“Abraham Lincoln once said, “All that I am or ever hope to be, I owe to my mother.” Ben Carson added, I’m not sure I want to say it quite like that, but my mother, Sonya Carson, was the earliest, strongest, and most impacting force in my life.”
The oil magnet and billionaire chairman of Forte Oil, Femi Otedola did not kiss a mummy or lust to a kiss that should warrant the clobbering he has been garnering from some persons since a picture showing him kissing the mother was made public.
According to a published text where the picture was attached, Otedola said that he would not have been what he has become today if not for the mother’s stoical stance in making sure that he succeeds. So, he kisses the mother out of nonsexual love.
While the oil magnet believed that he cannot pay the mother, Lady Doja Otedola enough, for her unlimited love to him, some persons believe that it is immoral for him to kiss her. In the words of an analyst, “This is immoral, for an adult mother and son to kiss on the lips! Shame!”
Whatever the persons in this line of thought were thinking, kissing is not a bad thing. But like psychologists would say, nothing is bad but the heart makes it so.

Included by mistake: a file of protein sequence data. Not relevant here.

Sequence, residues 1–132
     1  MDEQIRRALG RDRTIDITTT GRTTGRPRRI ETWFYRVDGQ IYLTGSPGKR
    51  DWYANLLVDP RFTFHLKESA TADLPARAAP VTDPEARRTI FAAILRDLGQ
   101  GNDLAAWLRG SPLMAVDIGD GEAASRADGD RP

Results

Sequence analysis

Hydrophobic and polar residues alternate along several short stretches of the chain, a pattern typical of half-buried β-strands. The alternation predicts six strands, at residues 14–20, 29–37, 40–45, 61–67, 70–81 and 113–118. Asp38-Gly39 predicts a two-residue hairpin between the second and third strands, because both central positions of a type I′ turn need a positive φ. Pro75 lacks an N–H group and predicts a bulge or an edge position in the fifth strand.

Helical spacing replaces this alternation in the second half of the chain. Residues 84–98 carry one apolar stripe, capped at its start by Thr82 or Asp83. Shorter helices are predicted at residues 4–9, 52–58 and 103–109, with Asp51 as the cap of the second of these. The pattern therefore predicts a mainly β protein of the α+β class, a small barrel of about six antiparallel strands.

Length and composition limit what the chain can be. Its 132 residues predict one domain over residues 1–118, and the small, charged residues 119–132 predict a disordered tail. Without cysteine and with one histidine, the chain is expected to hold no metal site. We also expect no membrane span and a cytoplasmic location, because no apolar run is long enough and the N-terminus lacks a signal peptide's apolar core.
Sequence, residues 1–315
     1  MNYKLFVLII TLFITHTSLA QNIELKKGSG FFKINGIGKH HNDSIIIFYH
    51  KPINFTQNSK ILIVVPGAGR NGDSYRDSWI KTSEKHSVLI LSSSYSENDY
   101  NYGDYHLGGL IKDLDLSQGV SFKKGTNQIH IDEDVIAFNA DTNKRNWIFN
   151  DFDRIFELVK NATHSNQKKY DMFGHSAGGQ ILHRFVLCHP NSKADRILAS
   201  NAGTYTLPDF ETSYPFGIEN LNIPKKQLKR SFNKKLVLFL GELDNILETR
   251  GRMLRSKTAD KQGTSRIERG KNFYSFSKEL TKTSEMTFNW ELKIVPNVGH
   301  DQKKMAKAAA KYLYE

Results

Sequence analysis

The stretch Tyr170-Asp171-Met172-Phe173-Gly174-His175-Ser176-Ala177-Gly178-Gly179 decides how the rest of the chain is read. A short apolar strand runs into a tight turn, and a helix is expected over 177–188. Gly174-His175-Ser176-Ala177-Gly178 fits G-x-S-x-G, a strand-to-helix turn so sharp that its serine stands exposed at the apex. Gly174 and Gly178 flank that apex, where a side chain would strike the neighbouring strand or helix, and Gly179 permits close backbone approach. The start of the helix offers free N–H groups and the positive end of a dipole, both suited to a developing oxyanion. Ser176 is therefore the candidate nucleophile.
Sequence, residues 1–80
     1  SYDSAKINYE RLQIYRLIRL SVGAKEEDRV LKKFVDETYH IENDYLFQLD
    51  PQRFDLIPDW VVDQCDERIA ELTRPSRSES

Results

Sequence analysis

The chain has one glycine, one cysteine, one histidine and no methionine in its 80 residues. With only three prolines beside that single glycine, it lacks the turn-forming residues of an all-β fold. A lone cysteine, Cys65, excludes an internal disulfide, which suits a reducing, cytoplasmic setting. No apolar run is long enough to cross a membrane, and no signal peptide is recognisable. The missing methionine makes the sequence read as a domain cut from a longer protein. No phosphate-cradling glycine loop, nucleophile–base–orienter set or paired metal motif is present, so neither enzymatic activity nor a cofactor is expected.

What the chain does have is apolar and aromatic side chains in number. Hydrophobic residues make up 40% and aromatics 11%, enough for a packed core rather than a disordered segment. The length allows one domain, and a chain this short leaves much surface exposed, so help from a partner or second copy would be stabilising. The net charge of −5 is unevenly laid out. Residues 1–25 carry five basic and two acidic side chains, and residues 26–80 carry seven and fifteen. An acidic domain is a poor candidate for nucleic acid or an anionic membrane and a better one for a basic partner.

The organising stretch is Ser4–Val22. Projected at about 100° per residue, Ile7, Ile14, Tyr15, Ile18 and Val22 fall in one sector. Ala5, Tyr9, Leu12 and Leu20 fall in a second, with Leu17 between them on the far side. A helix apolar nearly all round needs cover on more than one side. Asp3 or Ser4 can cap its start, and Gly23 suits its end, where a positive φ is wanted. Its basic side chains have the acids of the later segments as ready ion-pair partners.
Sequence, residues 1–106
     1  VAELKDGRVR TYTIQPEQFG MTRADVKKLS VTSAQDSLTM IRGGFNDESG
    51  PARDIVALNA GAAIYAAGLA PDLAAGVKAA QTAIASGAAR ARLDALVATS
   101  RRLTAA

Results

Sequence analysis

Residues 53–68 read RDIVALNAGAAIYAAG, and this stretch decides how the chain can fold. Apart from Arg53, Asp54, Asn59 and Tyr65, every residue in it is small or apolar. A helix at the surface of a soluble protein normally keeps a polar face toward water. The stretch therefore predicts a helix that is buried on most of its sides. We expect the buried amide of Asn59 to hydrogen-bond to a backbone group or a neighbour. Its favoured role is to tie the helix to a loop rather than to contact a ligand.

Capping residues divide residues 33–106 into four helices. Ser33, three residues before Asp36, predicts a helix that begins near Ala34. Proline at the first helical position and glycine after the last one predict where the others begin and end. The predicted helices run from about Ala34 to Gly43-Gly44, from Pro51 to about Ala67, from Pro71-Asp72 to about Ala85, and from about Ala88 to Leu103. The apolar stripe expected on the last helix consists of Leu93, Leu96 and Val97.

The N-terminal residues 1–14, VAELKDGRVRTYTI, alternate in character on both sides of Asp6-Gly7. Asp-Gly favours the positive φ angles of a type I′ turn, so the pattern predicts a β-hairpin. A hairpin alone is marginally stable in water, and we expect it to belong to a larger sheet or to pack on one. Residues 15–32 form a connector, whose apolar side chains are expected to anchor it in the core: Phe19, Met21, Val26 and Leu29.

For instance, in Mark 7:21-23, NLT, “For from within, out of a person’s heart, come evil thoughts, sexual immorality, theft, murder, adultery, greed, wickedness, deceit, lustful desires, envy, slander, pride, and foolishness. All these vile things come from within; they are what defile you.”
Conversely, many great men in the world who became successful out of their mothers’ inspiration, guidance, and so on had done more than a mere kiss to their mothers. For example, Benjamin Solomon Carson Sr., popularly known as Ben Carson, a renowned American neurosurgeon born September 18, 1951, has not stopped praising the mother, Sonya Carson, in his four books: Gifted Hands, Think Big, The Big Picture, Take the Risk).
Yours truly have read three of the books except ‘Take the Risk”. In these books, Ben praises the mother than is expected of any man in love with a woman. And he has been thankful to the mother whom her husband left two children to take care of, for another woman, when Curtis and Ben were but kids.